To do this, we must create a custom workflow activity encapsulating a set of web service methods we may want to invoke. We will also have to make a small customization to SharePoint for each custom activity, so SPD will discover and use these activities. In a Visual Studio created workflow, activities are assembled to model the process in question. In an SPD developed workflow, activities and conditions are used to create workflow steps. Our custom workflow activity will allow us to invoke a web service call on a target system. This article will not go into task-level detail on how to create the custom workflow activity. However, you can find detailed information here.

At a high level, we want to create a flexible set of activities giving us the most availability to our target systems’ service layer. The recommendation would be to create an assembly for a set of service operations based on some natural grouping (i.e. all the operations on a single WSDL definition, services requiring similar security credentials, services for a certain target system, etc.). Getting this set up in your SharePoint 2007 environment is actually pretty easy. The steps to do so are listed below:

  • In Visual Studio create a Web Reference (stub) for the web services you would like to invoke from your workflow
  • Create a custom Activity class (sub class of System.Workflow.Activities.SequenceActivity)
  • Create an xml file (the default file for the OOTB SPD activities is called WSS.ACTIONS) for your activity that defines all the inputs and outputs. This is the file SPD will use to drive the user during workflow creation. In this file we will create a field that allows the workflow creator to select the inputs and outputs as well as the web service to be called.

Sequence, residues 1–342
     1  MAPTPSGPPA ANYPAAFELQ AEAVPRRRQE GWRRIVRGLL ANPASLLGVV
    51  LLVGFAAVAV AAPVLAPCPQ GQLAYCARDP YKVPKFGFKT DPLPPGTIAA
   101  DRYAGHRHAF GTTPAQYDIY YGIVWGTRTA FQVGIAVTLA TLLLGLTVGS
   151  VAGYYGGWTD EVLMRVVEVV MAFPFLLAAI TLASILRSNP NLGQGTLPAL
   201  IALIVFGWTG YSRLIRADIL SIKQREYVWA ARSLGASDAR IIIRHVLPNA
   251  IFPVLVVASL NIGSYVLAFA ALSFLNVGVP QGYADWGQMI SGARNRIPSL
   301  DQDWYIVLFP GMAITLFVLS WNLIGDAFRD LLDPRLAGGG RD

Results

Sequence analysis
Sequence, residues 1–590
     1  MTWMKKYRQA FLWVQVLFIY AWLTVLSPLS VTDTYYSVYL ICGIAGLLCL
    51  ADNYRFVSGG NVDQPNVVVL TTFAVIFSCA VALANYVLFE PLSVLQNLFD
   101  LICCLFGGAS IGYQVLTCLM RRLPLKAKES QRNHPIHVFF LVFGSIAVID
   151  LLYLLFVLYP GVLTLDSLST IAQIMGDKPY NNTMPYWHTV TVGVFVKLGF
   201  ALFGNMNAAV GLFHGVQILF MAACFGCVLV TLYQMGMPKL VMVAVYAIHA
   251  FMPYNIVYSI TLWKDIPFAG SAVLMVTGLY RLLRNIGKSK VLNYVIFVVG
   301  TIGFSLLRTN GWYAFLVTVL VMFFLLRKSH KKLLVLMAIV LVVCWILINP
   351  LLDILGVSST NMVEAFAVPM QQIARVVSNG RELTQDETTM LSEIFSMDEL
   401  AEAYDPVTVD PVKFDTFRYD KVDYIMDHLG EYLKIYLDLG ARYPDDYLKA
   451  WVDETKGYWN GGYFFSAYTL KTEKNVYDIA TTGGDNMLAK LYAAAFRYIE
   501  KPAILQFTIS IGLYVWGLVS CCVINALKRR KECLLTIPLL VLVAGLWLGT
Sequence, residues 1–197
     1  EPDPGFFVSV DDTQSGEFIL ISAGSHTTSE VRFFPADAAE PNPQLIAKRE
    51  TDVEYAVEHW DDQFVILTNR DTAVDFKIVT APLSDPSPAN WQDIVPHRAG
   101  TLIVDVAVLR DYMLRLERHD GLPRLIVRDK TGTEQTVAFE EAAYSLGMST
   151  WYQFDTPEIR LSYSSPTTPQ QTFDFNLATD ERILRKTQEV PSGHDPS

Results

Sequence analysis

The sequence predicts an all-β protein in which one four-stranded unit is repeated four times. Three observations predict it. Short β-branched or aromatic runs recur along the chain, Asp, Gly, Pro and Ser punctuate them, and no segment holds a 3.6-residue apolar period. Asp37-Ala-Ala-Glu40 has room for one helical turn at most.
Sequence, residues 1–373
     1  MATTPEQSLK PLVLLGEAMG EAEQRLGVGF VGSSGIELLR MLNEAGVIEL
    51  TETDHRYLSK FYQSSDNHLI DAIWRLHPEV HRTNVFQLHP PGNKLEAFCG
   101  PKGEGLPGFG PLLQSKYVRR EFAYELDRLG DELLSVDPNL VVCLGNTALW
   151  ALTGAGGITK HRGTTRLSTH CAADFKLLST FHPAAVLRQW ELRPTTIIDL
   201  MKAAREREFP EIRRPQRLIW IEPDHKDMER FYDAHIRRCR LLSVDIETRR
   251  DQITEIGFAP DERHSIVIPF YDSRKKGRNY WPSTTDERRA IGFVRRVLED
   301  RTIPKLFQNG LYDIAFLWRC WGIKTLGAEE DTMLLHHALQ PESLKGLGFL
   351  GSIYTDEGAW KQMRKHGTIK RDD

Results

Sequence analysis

Once the above steps are complete, workflows can be assembled to integrate SharePoint 2007 lists and libraries with other systems in a controlled and configurable manner. In Figure 2, you can see the interface a workflow designer will use to create a step in a workflow invoking data in another system and potentially alter the course of the rest of the process based on data coming from the other system.

Figure 2 – Example of some service calls in a Pharmaceutical Clinical Environment Conclusion

While this article doesn’t make a case to replace your Enterprise BPM solution or plans for a solution with SharePoint, it does show how some simple customizations can help bridge the gap between what the out of the box solution provides and what some would consider typical BPM solution features. Another item of note is that there are some solution providers such as K2 and Nintex, which provide much more robust workflow capability with SharePoint.

About HighPoint Solutions

HighPoint Solutions is a premier provider of specialized IT services dedicated to the Life Sciences and Healthcare industries. Since 2000, our business consulting and technology solutions have delivered, and continue to deliver, business value and competitive advantage to our clients.

With offices in Philadelphia, New Jersey, Chicago, and Los Angeles, our team of 400 consultants is strategically located to meet your needs through our laser focus on key industries, partners, and technologies.